(Zone 6a)

April 16, 2010
5:04 PM

Post #7711245

Celandine Poppy. Native to the Eastern US..

Doug
CindyMzone5
Hobart, IN

April 17, 2010
6:10 AM

Post #7712191

Doug - have you been growing the celandine poppy for a while? I had heard that it can be invasive but I've had mine in the ground for about 4 or 5 years and only started seeing seedlings from it last year. I do like the yellow in the shady garden.
Weerobin
Saint Louis, MO
(Zone 6a)

April 17, 2010
6:45 AM

Post #7712279

My celandine poppies reseed avidly, but they are easy to pull,
so I haven't considered them a problem yet. But admittedly, they are everywhere...
I never planted mine, they came along with the house 15yrs ago.
I have a 2-acre wooded lot. It was completely choked w/ invasive honeysuckle.
Like Doug, I worked for years to gradually clear out the jungle to create an open woodland.
Like magic, a million woodland wildflowers appeared out of nowhere.
I have celandine poppies, mayapples, trilliums, phlox, jack-in-the-pulpit popping up everywhere.
It still requires constant surveillance to keep the jungle at bay,
since that honeysuckle aggressively reappears also.

postmandug

postmandug
Bardstown, KY
(Zone 6a)

April 17, 2010
6:50 PM

Post #7713883

Scott, I assume you have Solomon's Seal wild there too? I have a ton of that popping up.

Doug
ptilda
Spooner, WI

April 17, 2010
9:38 PM

Post #7714321

Gorgeous photos! I can only immagine how it will look in a couple of years!
KyWoods
Melbourne, KY
(Zone 6a)

April 17, 2010
9:47 PM

Post #7714331

How much would you charge to do all that over again, only on a 25 acre wooded hillside choked with honeysuckle? LOL
Forget 'rock envy'...I have garden envy! Beautiful job!
Weerobin
Saint Louis, MO
(Zone 6a)

April 18, 2010
5:50 AM

Post #7714707

Doug, yes, I have solomon seals. And of course virginia bluebells doing their thing right now.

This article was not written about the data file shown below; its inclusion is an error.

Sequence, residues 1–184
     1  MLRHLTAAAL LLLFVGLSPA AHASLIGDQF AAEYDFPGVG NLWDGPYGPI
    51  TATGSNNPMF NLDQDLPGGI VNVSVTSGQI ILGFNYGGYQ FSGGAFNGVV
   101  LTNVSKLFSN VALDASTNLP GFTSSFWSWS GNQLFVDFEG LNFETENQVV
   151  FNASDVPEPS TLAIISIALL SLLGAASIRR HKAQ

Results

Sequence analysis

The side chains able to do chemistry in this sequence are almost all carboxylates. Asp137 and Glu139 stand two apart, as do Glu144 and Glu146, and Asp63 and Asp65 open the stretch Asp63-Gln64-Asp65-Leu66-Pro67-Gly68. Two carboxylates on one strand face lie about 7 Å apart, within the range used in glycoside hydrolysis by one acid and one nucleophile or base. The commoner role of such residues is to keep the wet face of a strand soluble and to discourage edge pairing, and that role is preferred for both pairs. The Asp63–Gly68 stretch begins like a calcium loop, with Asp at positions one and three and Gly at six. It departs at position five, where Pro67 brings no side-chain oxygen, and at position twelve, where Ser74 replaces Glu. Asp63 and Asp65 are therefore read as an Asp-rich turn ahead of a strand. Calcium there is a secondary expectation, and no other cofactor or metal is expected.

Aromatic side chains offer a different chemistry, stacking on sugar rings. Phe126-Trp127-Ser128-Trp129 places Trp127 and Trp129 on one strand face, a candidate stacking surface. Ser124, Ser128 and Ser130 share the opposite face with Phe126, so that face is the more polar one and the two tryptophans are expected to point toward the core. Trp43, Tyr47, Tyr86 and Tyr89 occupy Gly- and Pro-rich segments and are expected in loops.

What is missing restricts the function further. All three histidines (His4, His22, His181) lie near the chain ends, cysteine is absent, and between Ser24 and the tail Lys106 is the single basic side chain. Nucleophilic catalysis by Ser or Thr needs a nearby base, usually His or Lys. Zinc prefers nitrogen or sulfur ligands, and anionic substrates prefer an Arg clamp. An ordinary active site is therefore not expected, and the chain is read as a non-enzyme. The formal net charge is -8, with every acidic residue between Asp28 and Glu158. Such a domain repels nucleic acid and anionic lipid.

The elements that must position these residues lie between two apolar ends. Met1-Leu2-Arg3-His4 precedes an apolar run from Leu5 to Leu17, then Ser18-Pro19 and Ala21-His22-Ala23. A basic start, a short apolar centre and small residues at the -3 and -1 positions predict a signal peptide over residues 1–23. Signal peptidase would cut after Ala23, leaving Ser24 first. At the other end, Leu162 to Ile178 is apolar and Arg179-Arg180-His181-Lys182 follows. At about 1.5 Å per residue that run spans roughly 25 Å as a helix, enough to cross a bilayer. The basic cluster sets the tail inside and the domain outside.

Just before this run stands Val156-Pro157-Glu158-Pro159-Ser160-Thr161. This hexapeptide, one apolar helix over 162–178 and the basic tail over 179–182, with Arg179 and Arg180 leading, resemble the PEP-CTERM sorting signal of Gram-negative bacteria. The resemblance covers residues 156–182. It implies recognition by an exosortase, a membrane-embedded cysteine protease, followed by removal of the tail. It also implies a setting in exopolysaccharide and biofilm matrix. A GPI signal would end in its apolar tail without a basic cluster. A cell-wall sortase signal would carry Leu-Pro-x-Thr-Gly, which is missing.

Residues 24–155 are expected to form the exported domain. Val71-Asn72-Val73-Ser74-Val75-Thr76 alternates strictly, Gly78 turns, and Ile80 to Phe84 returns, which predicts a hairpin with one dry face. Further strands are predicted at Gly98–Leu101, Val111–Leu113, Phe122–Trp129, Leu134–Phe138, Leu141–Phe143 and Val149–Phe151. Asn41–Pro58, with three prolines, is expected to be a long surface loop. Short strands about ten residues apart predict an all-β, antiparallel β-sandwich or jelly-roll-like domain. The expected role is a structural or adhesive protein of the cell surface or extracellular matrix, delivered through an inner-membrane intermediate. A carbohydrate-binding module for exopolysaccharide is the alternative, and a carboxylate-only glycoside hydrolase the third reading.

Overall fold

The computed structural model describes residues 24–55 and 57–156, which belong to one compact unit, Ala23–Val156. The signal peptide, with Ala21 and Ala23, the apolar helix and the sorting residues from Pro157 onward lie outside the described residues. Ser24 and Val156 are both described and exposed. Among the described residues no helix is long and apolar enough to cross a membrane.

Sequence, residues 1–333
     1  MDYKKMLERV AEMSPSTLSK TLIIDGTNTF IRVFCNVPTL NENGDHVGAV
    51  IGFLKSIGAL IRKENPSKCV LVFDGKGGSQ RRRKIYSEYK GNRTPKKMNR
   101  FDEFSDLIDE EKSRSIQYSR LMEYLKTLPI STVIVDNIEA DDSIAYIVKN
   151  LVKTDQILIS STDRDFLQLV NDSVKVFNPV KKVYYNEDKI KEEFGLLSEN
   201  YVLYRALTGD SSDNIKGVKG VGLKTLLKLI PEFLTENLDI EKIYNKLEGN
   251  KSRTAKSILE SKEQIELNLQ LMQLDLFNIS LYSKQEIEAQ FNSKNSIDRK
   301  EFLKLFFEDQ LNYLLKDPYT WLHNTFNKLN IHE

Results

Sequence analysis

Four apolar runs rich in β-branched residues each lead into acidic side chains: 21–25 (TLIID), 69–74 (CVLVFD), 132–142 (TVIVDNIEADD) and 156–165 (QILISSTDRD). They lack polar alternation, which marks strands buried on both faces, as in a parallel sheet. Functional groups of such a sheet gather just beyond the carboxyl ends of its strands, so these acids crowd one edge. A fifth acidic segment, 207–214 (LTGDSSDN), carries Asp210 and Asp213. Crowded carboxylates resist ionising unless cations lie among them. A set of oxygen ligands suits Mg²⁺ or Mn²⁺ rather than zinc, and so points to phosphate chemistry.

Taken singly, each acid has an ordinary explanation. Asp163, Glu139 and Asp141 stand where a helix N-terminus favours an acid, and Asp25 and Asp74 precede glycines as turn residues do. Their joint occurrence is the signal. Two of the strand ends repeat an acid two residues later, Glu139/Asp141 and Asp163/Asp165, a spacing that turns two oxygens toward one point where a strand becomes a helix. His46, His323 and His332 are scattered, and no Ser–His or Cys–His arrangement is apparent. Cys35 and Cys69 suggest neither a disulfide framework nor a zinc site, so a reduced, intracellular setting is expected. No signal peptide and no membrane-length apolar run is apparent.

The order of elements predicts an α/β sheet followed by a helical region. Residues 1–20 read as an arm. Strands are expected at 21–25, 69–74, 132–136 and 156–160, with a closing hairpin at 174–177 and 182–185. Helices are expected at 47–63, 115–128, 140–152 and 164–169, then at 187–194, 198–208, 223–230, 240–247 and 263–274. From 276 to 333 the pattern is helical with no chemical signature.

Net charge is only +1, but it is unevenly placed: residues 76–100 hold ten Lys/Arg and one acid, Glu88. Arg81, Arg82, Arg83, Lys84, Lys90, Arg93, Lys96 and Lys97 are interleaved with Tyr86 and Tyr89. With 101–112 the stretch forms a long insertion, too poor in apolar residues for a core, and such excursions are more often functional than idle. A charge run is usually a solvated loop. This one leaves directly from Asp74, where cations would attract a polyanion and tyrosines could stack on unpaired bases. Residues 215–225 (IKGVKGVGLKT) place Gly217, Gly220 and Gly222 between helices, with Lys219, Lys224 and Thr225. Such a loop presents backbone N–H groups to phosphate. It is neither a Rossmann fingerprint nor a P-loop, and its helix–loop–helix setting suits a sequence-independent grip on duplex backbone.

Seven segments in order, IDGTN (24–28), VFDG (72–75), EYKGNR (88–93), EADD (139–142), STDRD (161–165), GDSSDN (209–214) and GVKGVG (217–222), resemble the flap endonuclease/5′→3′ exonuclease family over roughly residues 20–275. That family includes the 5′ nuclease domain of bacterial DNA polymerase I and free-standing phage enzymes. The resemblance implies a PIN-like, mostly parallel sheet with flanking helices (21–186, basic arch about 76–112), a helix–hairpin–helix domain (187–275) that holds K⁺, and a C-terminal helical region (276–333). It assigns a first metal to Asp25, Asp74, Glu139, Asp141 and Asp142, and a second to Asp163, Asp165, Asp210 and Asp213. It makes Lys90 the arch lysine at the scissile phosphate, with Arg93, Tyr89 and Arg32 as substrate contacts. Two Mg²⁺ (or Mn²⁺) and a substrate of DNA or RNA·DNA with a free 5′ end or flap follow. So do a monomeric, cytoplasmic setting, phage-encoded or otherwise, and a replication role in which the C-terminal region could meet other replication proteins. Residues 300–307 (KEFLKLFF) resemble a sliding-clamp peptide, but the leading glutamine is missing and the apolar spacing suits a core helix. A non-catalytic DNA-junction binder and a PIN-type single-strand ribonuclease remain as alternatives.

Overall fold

And geraneums, also blooming now. And bloodroot, of course.
This is a picture of the wild phlox which showed up after I cleared the choking honeysuckle out of the woods.

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KyWoods
Melbourne, KY
(Zone 6a)

April 18, 2010
1:55 PM

Post #7715609

Ooo, those are beautiful, Weerobin! I, too, was excited to see native wildflowers popping up in the areas where I have eradicated honeysuckle.

postmandug

postmandug
Bardstown, KY
(Zone 6a)

April 18, 2010
4:36 PM

Post #7716106

That's funny, my VA Bluebells are about finished blooming now, and the Bloodroot too. Thought we'd have similar growing situations.

Doug
KyWoods
Melbourne, KY
(Zone 6a)

April 18, 2010
6:14 PM

Post #7716368

Whaaaaa, I don't think we have VA Bluebells here...at least I haven't seen any. Lots of bloodroot, though. Funny, most of that is done blooming, but yesterday I ran across a patch that is still going! We have a bumper crop of trout lilies this year, which are one of my favorites.

postmandug

postmandug
Bardstown, KY
(Zone 6a)

April 19, 2010
12:25 PM

Post #7718584

Well my VA Bluebells are not native to my location, they were purchased, but there is a huge native stand not too far from where I work that is absolutely breathtaking when in bloom.

Doug
KyWoods
Melbourne, KY
(Zone 6a)

April 19, 2010
3:38 PM

Post #7718984

I just saw them at Lowe's...think if I planted some, they'd spread?
CindyMzone5
Hobart, IN

April 19, 2010
4:34 PM

Post #7719173

The native trillium have multiplied here - spotted leaves and maroon flowers. I wasn't aware that VA bluebells and blood root were natives in the midwest - at least south of here. Should I stop feeling guilty because the bluebells have "escaped" from my garden and are now growing in the high spots of the wooded wetlands?

postmandug

postmandug
Bardstown, KY
(Zone 6a)

April 19, 2010
5:50 PM

Post #7719384